One last point: for many religious groups, keeping remains undisturbed is particularly important. But the Friends says they’ve been engaged with local Catholic and Anglican priests as well as the rabbi from the Highgate synagogue to discuss the impact of the plans.
What next: The Friends have said they’ll be submitting a planning application with the local borough council in the coming year for parts of the Unlocking Highgate Project. In the meantime, there’s now a six-month grace period on the graves by Marx, where any potential owners of the deeds can get in touch to object. The full list is here, if you fancy a punt at finding a long-lost relative.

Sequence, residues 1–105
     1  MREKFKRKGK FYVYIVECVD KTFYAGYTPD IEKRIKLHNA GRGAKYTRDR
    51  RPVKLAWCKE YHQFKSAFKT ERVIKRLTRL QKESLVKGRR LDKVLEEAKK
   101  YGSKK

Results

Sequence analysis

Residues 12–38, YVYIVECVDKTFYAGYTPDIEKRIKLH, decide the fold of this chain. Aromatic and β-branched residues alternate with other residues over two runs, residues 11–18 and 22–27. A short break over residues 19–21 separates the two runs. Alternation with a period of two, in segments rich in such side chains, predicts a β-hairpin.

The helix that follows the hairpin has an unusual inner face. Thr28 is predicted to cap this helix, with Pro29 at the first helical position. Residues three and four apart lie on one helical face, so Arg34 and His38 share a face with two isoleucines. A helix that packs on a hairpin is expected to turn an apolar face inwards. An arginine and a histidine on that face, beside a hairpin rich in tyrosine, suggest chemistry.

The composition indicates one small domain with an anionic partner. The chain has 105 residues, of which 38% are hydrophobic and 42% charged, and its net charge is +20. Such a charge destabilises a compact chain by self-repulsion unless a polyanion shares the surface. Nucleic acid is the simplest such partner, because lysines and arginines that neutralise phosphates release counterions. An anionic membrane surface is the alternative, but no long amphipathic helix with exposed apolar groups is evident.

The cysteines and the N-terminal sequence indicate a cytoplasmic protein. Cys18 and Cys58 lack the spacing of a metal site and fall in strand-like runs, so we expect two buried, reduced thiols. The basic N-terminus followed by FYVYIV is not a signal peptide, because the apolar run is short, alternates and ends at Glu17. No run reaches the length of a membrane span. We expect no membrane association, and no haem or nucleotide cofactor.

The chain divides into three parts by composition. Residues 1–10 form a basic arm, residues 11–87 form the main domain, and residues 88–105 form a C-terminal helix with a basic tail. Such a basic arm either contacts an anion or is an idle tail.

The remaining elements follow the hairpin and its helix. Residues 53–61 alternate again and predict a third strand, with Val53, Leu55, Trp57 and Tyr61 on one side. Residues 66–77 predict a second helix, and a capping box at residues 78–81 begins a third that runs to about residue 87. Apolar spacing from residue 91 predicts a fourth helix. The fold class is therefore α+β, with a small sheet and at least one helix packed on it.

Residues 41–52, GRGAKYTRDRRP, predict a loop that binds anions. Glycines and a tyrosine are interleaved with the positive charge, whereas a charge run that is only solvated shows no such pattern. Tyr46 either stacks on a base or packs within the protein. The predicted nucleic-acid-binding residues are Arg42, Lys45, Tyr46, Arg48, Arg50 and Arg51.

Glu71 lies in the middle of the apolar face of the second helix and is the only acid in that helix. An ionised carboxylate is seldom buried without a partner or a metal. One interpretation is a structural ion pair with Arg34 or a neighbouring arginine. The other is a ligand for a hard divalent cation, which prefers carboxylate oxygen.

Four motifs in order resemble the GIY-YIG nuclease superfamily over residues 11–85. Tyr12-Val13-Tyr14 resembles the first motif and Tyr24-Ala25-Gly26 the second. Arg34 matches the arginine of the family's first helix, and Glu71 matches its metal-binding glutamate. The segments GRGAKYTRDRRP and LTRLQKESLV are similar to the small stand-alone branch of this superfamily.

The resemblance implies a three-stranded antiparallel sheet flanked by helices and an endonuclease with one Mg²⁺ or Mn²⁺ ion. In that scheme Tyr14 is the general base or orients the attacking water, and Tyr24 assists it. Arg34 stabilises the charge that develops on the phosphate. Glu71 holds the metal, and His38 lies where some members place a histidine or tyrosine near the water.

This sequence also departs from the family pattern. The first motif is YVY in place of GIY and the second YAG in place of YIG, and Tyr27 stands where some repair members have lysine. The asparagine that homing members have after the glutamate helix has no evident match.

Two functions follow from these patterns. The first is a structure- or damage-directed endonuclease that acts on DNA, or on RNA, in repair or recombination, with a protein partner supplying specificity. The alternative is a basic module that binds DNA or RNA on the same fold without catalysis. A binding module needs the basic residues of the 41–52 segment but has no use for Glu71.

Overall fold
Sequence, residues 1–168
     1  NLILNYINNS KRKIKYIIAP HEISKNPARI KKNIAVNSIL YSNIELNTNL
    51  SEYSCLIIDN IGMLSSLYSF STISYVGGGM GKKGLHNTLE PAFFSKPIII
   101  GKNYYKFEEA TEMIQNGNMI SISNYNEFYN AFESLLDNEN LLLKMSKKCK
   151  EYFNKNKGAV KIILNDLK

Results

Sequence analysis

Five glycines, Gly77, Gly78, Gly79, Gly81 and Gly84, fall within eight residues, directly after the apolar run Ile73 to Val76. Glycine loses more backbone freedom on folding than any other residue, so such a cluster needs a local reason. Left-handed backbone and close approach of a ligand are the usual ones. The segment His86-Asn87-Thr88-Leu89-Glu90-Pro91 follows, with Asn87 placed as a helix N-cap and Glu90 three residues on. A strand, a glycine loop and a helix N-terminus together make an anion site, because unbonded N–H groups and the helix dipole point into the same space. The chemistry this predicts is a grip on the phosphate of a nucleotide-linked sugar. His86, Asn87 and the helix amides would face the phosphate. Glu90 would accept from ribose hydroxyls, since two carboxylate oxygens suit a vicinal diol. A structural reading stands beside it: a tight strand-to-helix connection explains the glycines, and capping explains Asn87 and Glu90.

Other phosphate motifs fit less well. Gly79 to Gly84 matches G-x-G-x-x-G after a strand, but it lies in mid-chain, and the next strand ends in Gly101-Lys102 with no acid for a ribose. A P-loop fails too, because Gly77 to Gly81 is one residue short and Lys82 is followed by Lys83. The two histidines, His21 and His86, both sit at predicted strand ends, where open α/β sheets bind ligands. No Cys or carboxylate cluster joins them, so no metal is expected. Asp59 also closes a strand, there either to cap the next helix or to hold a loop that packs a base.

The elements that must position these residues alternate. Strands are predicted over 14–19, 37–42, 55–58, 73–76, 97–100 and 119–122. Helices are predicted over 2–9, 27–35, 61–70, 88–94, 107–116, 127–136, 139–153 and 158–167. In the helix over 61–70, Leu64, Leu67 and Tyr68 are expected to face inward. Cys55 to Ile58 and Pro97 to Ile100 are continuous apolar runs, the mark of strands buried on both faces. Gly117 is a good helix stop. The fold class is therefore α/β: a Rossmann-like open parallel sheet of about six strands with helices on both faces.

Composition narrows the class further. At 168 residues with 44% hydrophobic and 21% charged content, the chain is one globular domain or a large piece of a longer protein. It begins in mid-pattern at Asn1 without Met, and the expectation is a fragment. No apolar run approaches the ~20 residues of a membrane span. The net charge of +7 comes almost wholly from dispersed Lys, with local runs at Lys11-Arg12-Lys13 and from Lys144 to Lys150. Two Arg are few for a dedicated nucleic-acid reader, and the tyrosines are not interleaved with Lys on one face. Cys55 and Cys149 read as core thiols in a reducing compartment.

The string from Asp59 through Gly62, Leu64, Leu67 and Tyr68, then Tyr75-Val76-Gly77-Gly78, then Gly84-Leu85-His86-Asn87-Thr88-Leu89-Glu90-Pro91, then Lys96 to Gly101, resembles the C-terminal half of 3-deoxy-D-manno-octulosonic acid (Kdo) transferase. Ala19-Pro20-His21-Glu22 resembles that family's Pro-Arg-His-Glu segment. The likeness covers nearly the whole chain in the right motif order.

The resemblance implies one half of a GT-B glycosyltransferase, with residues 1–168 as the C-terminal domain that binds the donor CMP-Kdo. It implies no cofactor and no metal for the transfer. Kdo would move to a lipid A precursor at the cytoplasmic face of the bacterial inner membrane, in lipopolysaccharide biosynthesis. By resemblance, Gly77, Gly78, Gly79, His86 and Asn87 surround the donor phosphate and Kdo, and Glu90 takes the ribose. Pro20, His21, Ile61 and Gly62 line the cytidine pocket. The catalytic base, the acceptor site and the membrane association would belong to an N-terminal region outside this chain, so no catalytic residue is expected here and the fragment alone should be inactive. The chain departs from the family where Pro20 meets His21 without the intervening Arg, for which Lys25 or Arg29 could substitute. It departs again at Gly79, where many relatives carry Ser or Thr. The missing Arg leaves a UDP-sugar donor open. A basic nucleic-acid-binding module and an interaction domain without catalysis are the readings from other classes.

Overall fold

And one last thing: we couldn’t cover Highgate Cemetery without mentioning our favourite story from the area. In the early 2010s, two wallabies — mini-kangaroo creatures native to Australia — were found wandering about the cemetery. One later died though after a foot operation. No word yet if Unlocking Highgate Cemetery will bring the wallabies back.